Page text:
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S E A R C H    D V D B e a v e r

 

Directed by Alexander Singer
UK 1964

 

Patricia Neal (fresh from her 1963 award-winning role in Martin Ritt's Hud) stars as a woman suffering from hysterical blindness, and a blank in her memory which may hide the cause of her affliction. When she and her sex-addict husband (Curt Jurgens - The Enemy Below) move in with her younger sister (Samantha Eggar - The Collector, The Brood), she begins to piece together the events leading to her psychological trauma.

Ahead of its time in its discussion and depiction of all manner of taboo subjects (rape, child abuse, nymphomania, psycho-sexual disorder, masochism), Psyche 59 is one of British cinema's most daring and provocative adult dramas.

***

Patricia Neal plays Allison Crawford, a woman who has suffered psychosomatic blindness for a number of years. Upon psychological examination, Allison seems to have a gap in her memory which may reveal the cause of her emotional distress. When she and her husband Eric (Curt Jurgens) move in with her provocative younger sister (Samantha Eggar), Allison uses her ailment as an excuse to do some of her own investigative research. Slowly gaining back her eyesight, Allison finds the missing pieces of her memory. Julian Halevy based her screenplay on Francoise des Ligneris's novel, Psyche 63. Though the titular number is never explained, it has been suggested that it refers to the year in which the lead character suffered her traumatic experience.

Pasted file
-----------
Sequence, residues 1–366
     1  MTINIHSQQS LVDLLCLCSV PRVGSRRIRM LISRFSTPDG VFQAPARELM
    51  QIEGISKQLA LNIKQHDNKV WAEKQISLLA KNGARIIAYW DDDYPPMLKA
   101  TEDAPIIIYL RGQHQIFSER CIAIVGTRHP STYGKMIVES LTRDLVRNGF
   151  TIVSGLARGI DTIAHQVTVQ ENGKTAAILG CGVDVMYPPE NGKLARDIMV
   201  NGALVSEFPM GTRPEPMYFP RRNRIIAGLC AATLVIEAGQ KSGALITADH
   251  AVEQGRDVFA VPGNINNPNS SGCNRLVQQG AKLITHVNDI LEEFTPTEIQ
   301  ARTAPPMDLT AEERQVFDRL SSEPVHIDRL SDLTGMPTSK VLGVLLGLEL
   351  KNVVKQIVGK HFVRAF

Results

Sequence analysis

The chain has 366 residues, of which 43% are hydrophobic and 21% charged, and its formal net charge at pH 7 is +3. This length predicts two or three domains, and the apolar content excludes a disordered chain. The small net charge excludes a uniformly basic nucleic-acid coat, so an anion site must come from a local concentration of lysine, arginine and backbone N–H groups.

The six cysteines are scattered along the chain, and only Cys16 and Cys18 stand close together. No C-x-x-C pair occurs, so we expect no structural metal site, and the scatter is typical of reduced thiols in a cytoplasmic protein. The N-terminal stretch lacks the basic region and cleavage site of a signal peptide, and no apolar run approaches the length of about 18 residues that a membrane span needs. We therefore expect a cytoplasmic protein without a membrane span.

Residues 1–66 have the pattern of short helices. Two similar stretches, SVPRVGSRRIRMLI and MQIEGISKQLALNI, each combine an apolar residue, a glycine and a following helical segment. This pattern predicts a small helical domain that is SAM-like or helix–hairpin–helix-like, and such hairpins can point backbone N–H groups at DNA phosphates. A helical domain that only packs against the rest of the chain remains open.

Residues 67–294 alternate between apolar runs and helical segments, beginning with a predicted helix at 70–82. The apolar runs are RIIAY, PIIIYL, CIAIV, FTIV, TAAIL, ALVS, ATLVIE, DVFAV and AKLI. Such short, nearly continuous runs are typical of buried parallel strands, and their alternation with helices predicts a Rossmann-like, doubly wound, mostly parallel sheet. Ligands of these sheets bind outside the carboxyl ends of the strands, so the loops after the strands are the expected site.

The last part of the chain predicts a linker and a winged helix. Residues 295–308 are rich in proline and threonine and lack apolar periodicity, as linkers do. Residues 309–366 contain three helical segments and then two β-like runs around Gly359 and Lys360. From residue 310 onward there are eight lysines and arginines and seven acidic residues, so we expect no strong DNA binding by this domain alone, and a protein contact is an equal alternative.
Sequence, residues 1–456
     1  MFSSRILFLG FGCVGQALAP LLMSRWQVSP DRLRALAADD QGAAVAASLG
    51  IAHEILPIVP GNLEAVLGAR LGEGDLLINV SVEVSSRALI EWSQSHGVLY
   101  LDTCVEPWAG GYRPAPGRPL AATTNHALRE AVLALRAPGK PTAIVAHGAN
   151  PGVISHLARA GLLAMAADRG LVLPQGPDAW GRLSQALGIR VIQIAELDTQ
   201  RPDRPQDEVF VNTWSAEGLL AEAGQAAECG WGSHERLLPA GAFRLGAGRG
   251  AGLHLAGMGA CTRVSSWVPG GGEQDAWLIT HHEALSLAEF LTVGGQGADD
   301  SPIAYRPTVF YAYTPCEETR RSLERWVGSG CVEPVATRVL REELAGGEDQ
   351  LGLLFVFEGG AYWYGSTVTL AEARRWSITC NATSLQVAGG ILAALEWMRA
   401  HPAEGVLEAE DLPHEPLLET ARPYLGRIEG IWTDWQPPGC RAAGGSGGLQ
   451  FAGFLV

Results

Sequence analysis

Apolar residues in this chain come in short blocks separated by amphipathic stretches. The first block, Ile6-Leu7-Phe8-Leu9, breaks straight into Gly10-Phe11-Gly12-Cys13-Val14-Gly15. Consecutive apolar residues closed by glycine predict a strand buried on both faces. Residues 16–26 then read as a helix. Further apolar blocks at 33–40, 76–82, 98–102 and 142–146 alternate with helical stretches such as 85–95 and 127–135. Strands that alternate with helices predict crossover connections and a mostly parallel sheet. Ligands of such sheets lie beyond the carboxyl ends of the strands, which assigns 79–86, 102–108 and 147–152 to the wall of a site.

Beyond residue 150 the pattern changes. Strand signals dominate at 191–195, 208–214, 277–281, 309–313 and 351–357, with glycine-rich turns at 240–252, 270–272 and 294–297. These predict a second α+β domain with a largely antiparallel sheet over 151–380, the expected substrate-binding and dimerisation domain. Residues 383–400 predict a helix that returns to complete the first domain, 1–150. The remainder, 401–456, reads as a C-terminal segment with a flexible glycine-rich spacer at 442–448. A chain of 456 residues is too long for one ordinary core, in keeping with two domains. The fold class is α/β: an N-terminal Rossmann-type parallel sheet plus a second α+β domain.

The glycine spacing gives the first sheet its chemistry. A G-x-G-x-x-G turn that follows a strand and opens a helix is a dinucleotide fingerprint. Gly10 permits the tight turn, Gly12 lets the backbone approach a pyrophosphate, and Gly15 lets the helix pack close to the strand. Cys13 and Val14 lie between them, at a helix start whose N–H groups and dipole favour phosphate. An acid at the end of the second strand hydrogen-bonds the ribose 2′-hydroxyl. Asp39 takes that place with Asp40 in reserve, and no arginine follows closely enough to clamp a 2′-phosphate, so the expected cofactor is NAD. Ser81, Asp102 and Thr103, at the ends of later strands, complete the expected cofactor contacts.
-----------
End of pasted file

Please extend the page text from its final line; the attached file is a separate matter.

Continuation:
Excerpt from B+N located HERE

Posters

Theatrical Release: April 29th, 1964

Reviews                                                                                                       More Reviews                                                                                       DVD Reviews

 

Review: Indicator - Region FREE - Blu-ray

Box Cover

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Distribution Indicator - Region FREE - Blu-ray
Runtime 1:34:03.596        
Video

1.75:1 1080P Dual-layered Blu-ray

Disc Size: 35,628,469,328 bytes

Feature: 27,670,650,432 bytes

Video Bitrate: 34.90 Mbps

Codec: MPEG-4 AVC Video

NOTE: The Vertical axis represents the bits transferred per second. The Horizontal is the time in minutes.

Bitrate Blu-ray:

Audio

LPCM Audio English 1152 kbps 1.0 / 48 kHz / 1152 kbps / 24-bit
Interview:

Dolby Digital Audio English 192 kbps 2.0 / 48 kHz / 192 kbps

Subtitles English (SDH), None
Features Release Information:
Studio:
Indicator

 

1.75:1 1080P Dual-layered Blu-ray

Disc Size: 35,628,469,328 bytes

Feature: 27,670,650,432 bytes

Video Bitrate: 34.90 Mbps

Codec: MPEG-4 AVC Video

 

Edition Details:

The BEHP Interview with Walter Lassally (1988): an archival audio recording, made as part of the British Entertainment History Project, featuring the renowned cinematographer in conversation with Roy Fowler
Interview with Samantha Eggar (2019): the award-winning actor recalls her work on the film in this new and exclusive interview (11:53)
Intangible Visions - Composer Kenneth V. Jones on Psyche 59' (13:14)